Let’s first define culture in the context of today’s business context. Definitions abound but here’s a perfectly acceptable one: "Culture is the tacit social order of an organization: It shapes attitudes and behaviours in wide-ranging and durable ways. Cultural norms define what is encouraged, discouraged, accepted, or rejected within a group. When properly aligned with personal values, drives, and needs, culture can unleash tremendous amounts of energy toward a shared purpose and foster an organization’s capacity to thrive. Culture can also evolve flexibly and autonomously in response to changing opportunities and demands. Whereas strategy is typically determined by the C-suite, culture can fluidly blend the intentions of top leaders with the knowledge and experiences of frontline employees."7
To my reckoning, organizational culture has three vital components which go a long way to explaining why changing it takes so much time and invites such opposition. To start with, culture is founded on shared history. It is not important how true that history is, as long as it is believed with passion. The corporate history that grounds its culture is replete with heroes, villains and deeds of sacrifice and infamy. There are breathtaking tales of life-threatening dangers and how they were overcome. The narratives hold morals which can either bolster or belie the values the company officially blazons. From this historical memory flows the second ingredient of a strong culture: the people, actions and things that are respected and revered (to the point of sacralization) and those that are reviled. The history and reliquary join together with the tacit instructions (usually imparted by way of example) that old-timers impart to an incoming generation for creating the third part of the cultural tripod. This consists of the initiatives taken and reactions given by people when there is no specific instruction from a senior or set procedure governing conduct. With sufficient repetition these actions become more than habits – they become the ineffable codes of appropriate behaviour pervading the organization.
It should now be obvious why changing the culture is a lot more complicated and time-taking than just changing a few senior people and operating protocols. Taking the points from the previous paragraph in reverse order, the actions that determine culture are not in written manuals or supervisory instructions. Even if someone were to undertake the near-impossible task of codifying these, the effort would be fruitless. To the extent the new directives belittle or contradict the characters and codes solidified into legend over years, the best outcome can be that the new instructions will be ignored. Pushed too far and too fast, however, and the change effort can elicit a reaction as belligerent (even if kept unrevealed) as that from a true believer forced to apostatize. Not that a few toadies won’t start sprouting the new Decalogue. But this will just solidify the resentment of the rest. Creating a new history (which, hopefully, yields a new set of legends and commandments) takes time and time is precisely what those infected with Culturechanguenza Vulgaris don’t have.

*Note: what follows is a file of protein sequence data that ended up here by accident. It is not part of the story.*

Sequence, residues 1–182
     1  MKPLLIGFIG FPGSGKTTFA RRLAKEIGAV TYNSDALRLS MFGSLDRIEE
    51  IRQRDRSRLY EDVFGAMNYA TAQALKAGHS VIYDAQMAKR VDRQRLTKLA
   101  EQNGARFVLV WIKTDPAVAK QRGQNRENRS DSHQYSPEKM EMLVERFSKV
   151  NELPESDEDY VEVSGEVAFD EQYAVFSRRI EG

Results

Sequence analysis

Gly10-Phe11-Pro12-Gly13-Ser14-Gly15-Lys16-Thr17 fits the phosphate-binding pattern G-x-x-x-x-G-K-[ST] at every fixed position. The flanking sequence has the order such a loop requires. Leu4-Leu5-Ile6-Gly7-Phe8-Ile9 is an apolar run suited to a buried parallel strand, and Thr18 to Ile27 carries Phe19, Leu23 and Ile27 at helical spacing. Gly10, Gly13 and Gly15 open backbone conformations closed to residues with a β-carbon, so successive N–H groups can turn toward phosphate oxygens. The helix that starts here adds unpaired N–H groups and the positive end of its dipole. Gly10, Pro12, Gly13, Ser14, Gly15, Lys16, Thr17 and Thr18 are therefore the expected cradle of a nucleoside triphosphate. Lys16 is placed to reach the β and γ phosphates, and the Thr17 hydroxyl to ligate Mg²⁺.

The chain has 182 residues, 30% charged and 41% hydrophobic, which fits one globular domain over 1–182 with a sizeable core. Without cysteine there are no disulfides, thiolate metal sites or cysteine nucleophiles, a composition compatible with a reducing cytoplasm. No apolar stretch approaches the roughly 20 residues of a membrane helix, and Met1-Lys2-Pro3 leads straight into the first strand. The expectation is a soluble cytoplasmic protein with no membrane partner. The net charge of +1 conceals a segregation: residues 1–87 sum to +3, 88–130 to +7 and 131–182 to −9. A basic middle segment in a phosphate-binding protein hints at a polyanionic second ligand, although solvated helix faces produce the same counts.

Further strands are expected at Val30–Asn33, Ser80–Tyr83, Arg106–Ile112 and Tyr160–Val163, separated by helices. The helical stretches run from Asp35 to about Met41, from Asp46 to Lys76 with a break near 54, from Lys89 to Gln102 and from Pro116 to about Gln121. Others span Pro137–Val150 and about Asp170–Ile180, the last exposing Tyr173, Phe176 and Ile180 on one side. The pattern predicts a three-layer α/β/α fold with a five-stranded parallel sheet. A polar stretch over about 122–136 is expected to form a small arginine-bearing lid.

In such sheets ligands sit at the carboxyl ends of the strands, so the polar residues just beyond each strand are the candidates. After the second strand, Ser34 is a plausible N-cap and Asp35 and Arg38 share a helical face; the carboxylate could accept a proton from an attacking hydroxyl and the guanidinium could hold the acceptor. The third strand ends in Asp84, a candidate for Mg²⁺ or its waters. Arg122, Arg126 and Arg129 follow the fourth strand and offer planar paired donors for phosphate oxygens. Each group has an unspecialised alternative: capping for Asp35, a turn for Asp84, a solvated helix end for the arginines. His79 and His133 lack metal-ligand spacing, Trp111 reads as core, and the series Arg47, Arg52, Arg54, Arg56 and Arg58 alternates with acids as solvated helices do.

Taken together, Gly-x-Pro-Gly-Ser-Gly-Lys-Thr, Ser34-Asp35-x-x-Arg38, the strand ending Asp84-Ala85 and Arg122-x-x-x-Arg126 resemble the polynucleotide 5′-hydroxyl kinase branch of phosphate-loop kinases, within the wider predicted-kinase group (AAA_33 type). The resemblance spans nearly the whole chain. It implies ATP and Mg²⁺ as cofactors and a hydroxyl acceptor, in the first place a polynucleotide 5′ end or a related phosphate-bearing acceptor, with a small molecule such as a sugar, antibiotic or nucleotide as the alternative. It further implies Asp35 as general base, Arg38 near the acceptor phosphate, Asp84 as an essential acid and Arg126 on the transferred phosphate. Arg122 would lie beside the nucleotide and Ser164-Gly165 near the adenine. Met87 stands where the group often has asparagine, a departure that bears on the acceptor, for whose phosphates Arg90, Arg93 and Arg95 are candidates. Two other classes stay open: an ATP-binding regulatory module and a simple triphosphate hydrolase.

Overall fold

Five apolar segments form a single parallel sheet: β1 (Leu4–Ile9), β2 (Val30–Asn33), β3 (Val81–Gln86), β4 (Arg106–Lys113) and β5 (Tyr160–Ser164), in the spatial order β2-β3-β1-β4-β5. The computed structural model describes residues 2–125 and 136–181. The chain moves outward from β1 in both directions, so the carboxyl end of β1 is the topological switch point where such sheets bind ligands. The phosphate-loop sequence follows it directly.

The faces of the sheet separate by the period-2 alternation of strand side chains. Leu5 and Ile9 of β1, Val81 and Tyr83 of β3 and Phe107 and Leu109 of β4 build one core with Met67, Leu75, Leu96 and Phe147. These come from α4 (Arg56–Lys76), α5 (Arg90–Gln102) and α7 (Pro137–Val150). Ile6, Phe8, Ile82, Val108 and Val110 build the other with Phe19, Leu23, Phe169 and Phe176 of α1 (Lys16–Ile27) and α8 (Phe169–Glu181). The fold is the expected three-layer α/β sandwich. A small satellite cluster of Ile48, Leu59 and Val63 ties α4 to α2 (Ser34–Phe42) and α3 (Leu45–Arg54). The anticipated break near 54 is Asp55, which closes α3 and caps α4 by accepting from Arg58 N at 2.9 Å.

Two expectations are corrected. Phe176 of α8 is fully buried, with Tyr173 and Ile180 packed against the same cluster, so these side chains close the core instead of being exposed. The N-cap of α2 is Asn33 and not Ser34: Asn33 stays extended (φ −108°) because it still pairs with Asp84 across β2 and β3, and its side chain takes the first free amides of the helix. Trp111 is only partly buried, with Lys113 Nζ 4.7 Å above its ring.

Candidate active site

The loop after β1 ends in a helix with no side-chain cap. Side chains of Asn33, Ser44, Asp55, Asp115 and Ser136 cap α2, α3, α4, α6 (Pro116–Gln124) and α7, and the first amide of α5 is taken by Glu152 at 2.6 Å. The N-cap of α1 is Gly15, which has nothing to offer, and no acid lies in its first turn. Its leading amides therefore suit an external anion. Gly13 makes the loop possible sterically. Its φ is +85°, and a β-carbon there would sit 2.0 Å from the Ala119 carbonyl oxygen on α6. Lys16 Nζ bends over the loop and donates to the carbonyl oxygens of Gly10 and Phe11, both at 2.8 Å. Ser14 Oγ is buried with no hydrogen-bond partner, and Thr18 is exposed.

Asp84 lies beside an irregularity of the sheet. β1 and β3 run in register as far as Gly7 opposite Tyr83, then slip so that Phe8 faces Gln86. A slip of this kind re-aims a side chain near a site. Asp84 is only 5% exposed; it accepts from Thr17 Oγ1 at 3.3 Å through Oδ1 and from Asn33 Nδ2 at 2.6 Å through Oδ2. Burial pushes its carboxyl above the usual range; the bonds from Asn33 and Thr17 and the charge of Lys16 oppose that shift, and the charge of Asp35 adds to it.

Even a great conservative like Edmund Burke maintained that "[a] state without the means of some change, is without the means of its own conservation.”8 This is equally true of business enterprises. How then can one improve the odds in effecting it?
If change is essential in the way things are done, there are a variety of devices that are at our disposal. Cultural transformation is not the first tool we should pick up. It should be close to the last attempted intervention, after examining and, in some circumstances, trying what can be achieved through changing people, processes and even structures. Montesquieu’s wisdom is worth repeating after all these years: "With regard to mores, much is to be gained by keeping the old customs… [R]ecalling men to the old maxims usually returns them to virtue."6
After careful consideration and conversation, should cultural change be identified as the appropriate intervention, there are two directional blunders that need to be avoided. Regardless of the supposedly irrefutable empirical evidence the 'consultagion' presents, do not get carried away by the specific snake-oil s/he is peddling or the fad of the day, both of which can frequently be the same. Seemingly more grounded is a culture change target, specifically derived from your strategy and tailored to your needs. However, if it is diametrically opposed to everything the company has stood for so far, you need to think long and hard before aiming for it. And at the end of that thinking process, you probably need to find a bridge less far.
It is worth understanding this ambition-dampener in some detail. To do so we need to use a typology of the corporate culture. There are a number of such models which are used for both diagnostics, inter-unit comparison and change targeting. Denison’s model9 as well as the one proposed by Cameron and Quinn10 have great intuitive appeal and have been used by many organizations. So has the one described by Groysberg (and others)7 and I will use it for our illustration. According to Groysberg, there are eight types of company culture. These are:
1. Caring focuses on relationships and mutual trust
2. Purpose is exemplified by idealism and altruism
3. Learning is characterized by exploration, expansiveness, and creativity
4. Enjoyment is expressed through fun and excitement
5. Results is characterized by achievement and winning
6. Authority is defined by strength, decisiveness, and boldness
7. Safety is defined by planning, caution, and preparedness